TELUS Health Report 2023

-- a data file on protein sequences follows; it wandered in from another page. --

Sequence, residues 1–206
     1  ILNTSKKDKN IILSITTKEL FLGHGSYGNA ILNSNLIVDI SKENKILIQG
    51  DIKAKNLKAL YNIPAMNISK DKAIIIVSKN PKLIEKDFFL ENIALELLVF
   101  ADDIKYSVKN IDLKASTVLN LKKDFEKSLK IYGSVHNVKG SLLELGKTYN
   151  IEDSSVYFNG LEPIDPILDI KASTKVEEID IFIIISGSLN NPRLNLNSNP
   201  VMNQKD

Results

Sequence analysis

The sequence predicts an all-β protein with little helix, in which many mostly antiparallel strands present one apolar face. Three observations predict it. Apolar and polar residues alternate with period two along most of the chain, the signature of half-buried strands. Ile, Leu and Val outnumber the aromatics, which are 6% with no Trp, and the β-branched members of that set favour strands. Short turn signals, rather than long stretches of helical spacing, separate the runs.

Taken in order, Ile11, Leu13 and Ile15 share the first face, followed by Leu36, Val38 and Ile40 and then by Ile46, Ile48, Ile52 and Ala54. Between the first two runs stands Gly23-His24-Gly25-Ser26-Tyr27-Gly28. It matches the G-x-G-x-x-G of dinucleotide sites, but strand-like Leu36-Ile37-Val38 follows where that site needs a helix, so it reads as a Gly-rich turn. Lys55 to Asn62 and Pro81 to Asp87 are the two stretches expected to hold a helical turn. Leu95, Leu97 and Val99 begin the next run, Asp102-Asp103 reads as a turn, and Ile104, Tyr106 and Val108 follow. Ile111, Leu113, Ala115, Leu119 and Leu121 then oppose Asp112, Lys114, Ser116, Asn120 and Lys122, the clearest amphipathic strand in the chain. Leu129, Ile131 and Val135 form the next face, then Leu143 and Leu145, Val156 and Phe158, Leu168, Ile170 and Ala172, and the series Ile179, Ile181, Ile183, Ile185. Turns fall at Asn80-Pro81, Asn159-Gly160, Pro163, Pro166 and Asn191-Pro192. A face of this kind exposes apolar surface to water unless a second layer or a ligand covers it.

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P. 5 There has also been a shift in eligible amounts by age group, with younger adults moving ahead of those in older demographics. When analyzing claims data by age, we find that the growth rate in eligible amount for plan members under the age of 25, at 14.2%, is more than double that of plan members aged 60 to 64 (6.2%) and 50 to 59 (5.4%). The report also outlines the growing impact of biosimilar switching policies on cost trends in 2022, and found that savings are mostly being offset by growth in the use of higher-cost, second- and third-line therapies for chronic diseases such as diabetes. The result is moderate growth in spending by private drug plans for the third year in a row, with a slight decline in 2022. B.C. was the first province to launch a switching policy (in 2019), and saw biosimilars' share of claims to private plans in the biologics category climb from 5.5% at the start of 2019 to 20.4% by end of that year. As of December 2022, biosimilars accounted for 64.7% of claims for all biologics. Similarly dramatic results occurred in Quebec, where the share grew to 38% by the end of April 2022. By the end of 2022, in lockstep with B.C., their share reached 64.8%. These policies have had a ripple effect on private drug plans, particularly in B.C. and Quebec, where sponsors have followed the lead of public payors in biosimilar switching. Nationally, that has translated to significant growth of biosimilars' share of claims in the biologics category from just 4.2% in January 2019 to 32% in December 2022. That will likely accelerate in 2023 and 2024, as remaining provinces and territories complete their transition periods. The impact of biosimilar switching was only one factor in the shifting proportion of plan costs in 2022. For the first time in more than 10 years, the growth rate for specialty drugs fell behind that of traditional. While the number of claimants increased for specialty drugs—with the largest single-year increase since TELUS Health's reporting began—the share of eligible amounts declined for the first time since 2008 compared to traditional drugs. In contrast, the utilization and related costs of traditional drugs have also surged in 2022, with use rebounding since the start of the pandemic.

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